My other grandma, Anna, would make a soup out of boiling the meat, potatoes and carrots for salata de boeuf (see below). This year we combined the two: my mum added dill, spring onions and rice to the soup she got after boiling the chicken, potatoes and carrots for the salad. Next year maybe we’ll add chicken liver too!
Salata de boeuf (Romania) or Salad Olivier (Russia)
This is the Romanian version of the Russian Salad Olivier (салат Оливье). It’s very similar to the Russian version, but has one main difference: Romanians add mustard. If you check out the Russian recipes, none of them uses mustard. But as the main cook was grandma Anna, it was her version that we got used to in my family.
This salad is very popular in all of Eastern Europe as a festive dish. It is a must for Christmas, New Year’s and Easter, but also birthdays and other celebrations.
Every family has their own version but the typical ingredients include cooked meat (beef, chicken or ham), boiled and diced potatoes, carrots, peas, pickles (lots of pickles!) and mayonnaise. If you follow the Romanian tradition, you also add a generous amount of mustard. Personally I think the mustard adds a welcome tangy taste to the salad and I like it better.
Drob de miel (Romanian)
Russians don’t like lamb meat much (my great-grandfather Andrei called it “a cat” and didn’t like it at all). However, Romanians do eat it at Easter. In fact, my grandmother Anna also used to make the traditional Romanian drob de miel. But it is a very time consuming dish, so she made it very rarely.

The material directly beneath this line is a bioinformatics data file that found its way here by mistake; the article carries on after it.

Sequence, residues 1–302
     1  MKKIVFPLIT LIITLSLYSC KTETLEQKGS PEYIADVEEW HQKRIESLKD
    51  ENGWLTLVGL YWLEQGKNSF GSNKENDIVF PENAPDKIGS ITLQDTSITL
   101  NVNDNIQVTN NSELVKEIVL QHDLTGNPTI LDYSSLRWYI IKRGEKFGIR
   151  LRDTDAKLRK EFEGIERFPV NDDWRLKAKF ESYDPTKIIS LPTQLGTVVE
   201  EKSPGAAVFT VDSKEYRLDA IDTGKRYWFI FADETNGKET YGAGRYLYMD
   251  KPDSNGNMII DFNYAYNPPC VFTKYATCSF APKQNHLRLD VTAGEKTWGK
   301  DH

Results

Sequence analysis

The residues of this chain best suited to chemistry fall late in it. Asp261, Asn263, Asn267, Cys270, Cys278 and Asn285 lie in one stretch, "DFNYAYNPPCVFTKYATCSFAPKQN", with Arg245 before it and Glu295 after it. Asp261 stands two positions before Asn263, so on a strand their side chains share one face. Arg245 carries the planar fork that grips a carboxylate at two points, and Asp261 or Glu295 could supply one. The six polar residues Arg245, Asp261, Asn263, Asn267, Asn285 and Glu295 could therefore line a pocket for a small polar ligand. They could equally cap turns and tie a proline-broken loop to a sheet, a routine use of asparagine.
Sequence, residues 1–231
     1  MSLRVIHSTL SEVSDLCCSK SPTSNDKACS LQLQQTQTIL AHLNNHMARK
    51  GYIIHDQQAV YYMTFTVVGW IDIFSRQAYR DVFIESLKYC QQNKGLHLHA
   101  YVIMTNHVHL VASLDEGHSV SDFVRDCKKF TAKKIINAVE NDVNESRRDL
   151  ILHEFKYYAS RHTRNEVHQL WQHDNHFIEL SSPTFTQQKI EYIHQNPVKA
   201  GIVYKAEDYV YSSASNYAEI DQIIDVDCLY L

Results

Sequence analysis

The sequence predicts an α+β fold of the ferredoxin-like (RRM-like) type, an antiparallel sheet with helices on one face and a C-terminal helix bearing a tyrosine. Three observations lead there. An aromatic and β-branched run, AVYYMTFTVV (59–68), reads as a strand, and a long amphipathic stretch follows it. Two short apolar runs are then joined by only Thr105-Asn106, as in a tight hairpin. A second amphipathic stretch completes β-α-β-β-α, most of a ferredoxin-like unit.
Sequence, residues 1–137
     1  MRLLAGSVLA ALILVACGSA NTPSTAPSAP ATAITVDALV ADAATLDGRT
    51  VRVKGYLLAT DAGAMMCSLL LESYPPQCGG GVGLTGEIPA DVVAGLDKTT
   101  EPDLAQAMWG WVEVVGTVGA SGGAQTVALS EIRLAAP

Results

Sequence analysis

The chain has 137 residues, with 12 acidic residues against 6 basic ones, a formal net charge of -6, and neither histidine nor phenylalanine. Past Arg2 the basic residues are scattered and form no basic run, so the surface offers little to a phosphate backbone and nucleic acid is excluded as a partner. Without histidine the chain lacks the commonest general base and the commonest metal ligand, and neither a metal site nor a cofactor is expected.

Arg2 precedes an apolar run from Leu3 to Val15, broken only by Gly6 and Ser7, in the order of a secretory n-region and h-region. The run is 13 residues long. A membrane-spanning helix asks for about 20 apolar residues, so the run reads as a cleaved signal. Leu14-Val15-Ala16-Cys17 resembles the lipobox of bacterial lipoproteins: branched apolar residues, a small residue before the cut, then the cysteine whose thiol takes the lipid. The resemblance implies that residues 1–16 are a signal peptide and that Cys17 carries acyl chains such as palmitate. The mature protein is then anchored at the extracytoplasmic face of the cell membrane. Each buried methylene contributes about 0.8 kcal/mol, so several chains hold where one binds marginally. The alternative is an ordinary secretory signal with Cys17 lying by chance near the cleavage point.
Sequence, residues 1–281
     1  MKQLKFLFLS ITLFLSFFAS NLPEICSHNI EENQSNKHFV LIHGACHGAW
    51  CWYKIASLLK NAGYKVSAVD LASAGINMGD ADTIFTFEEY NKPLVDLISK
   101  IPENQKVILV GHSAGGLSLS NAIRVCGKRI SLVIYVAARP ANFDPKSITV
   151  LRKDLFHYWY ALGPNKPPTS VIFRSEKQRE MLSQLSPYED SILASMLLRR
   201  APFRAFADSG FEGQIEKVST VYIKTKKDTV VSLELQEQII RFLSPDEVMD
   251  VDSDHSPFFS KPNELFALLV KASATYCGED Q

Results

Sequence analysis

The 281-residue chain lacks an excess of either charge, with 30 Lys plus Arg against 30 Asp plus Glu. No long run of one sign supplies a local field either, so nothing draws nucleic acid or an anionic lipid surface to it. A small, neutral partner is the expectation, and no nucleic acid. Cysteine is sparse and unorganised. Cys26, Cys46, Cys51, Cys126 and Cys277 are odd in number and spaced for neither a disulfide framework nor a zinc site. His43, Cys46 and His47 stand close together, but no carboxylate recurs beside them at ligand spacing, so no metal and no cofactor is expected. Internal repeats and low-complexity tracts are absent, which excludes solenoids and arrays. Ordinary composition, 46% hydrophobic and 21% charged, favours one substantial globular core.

Drob is similar to Scottish haggis and calls for lamb entrails. That said, if such meats aren’t available in your country, you can get a similar result with ground meat.
Cozonac cu nuca (Romania)
Eastern Europe and the Balkans have a strong tradition of Easter sweet breads. Each country has its own version, but most call for flour, sugar, milk and eggs. In Greece, they call it “tsoureki“. In Israel, they call them “challah“. They call it cozonac in Romania and kuzunak (козунак) in Bulgaria. Also, Russians have kulich (кулич)and Ukrainians pashka (паска), but more on that soon. In fact, it is thought that Armenians were the first to come up with the idea.
Romanians in particular, fill their cozonac with ground walnuts (cozonac cu nuca means sweet bread with walnuts) and shape into a roll. Some also add raisins and Turkish delight or candied fruit. It’s time consuming to make it, but worth it. Again, this is popular for both Christmas and Easter.